Today’s most compelling value propositions in manufacturing and education
Posted by Bert Maes on June 24, 2010
It was Margaret Heffernan -CEO, speaker and writer- who started an impassioned debate two days ago, with a simple thesis: Innovation’s Over — Price Is Back: Today’s consumers will not settle for the multi-featured, most inventive solutions. Instead they choose the cheaper ones, those that are ‘good enough‘, those that bring ease of use and peace of mind, the ‘generics‘ that still meet the quality demands.
She got 84 comments so far – which is impressive, I think. The biggest part says this is ridiculous and for sure not a general trend. Others are more thought-provoking:
- The more unique a product category, the less price makes a difference. The right innovations such as the iPad and iPhone are selling. The more a product becomes a commodity item, even with the finest of innovations, price beats all (comment #5 – kmit solutions). Different goods will employ different forms of pricing strategies (comment #46 – waisingster).
- True innovation would be to bring all those features to market at a cost lower than the traditional-product competition. That’s a game changer (comment #8 – shadrach723). Lower prices with more features makes the product accessible for a much larger segment of the market who wouldn’t otherwise be able to afford the (pricier) original product (comment #51 – bdegon).
- This is just a result of the crisis period, of a new reality, it’s nothing shocking with a slightly higher price sensitivity in bad economic times (comment #59 – pehthor): consumers don’t like cheap, aren’t looking for cheap, but today they just have less dollars and are more conscious of how they use this limited resource (comment #15 – SuzanneJazz), they are weighing absolute price more heavily than absolute value (comment #20 – marti barletta). For today’s consumer newness isn’t as sexy as it has been in the past (comment #58 – esinger999).
What does this mean for manufacturing businesses and… for technical schools?
Just be completely different, make your solution stand apart in fundamental ways, otherwise you will end up in a fierce (price) competition.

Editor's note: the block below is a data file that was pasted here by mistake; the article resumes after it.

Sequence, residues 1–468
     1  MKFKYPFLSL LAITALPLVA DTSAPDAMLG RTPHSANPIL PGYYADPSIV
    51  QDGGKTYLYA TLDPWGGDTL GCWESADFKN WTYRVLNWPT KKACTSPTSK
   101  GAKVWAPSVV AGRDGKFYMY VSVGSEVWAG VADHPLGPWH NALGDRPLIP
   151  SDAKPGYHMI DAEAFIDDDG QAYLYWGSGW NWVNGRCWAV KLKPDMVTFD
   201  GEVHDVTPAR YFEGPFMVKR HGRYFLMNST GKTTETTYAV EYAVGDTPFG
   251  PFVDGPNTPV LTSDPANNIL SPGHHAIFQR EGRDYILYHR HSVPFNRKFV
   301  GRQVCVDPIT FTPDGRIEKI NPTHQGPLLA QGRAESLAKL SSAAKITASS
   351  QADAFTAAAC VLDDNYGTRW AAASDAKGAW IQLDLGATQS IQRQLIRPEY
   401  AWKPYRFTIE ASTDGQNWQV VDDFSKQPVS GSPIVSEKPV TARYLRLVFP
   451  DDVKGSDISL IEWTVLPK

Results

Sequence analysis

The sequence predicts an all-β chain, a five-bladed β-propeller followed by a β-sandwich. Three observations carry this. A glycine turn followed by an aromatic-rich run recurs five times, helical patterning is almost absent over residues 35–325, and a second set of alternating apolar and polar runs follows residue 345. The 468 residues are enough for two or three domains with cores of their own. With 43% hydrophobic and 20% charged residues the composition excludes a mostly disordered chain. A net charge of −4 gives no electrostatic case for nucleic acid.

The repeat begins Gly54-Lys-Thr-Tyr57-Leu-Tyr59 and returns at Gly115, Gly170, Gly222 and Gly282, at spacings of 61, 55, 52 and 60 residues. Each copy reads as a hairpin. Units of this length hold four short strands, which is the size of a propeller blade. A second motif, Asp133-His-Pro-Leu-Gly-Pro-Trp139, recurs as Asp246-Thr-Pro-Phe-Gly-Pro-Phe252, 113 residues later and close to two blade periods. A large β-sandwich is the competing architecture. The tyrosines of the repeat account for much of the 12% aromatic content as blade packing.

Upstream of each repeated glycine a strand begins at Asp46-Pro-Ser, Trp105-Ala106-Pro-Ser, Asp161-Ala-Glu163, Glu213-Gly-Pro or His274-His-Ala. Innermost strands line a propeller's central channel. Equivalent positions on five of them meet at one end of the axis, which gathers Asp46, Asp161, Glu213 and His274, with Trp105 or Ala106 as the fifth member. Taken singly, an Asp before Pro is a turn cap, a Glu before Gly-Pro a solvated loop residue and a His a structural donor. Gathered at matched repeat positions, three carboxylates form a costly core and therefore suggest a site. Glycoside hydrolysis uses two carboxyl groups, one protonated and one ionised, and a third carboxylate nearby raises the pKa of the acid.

And being different, what could that mean today?
Just what Scott Berkun reported in Bloomberg Businessweek: ‘Good’ beats ‘innovative’ nearly every time.
All you need, Scott says, is the ability to make things that are good consistently, since few companies do. In retrospect, the successes of the now best companies seem amazing, but at the time, the goals were simple and the objective humble and clear: be good, or at least better than the other guys. For they knew that alone was hard enough.
Their success or failure is driven less by revolutionary ideas or radical disruptive breakthrough thinking and more by a focus on making solid, reliable, simple, good products that solve real needs people have. Most innovative products simply fail because creators become distracted by their egos from the true goal: to solve real problems for real people.
One way a product or service can be powerfully differentiated is by taking away features, achieving a core simplicity that appeals to overtaxed consumers. Or it can be what Sean Silverthorne wrote in the same article: Look at the MINI Cooper: does that remind you of any other car? Does an Apple PC look and feel like a “me too” model from Dell or Acer?
Simplifying lives, being unique, saving time and costs, and making work time more enjoyable seem to me like the new compelling value propositions, for enterprise workers, for teachers and for students…
Visit www.HTECnetwork.eu for a program that makes the professional lives of teachers a lot easier, saves schools a lot of money and gives the students more fun in the mechanical/CNC manufacturing classroom.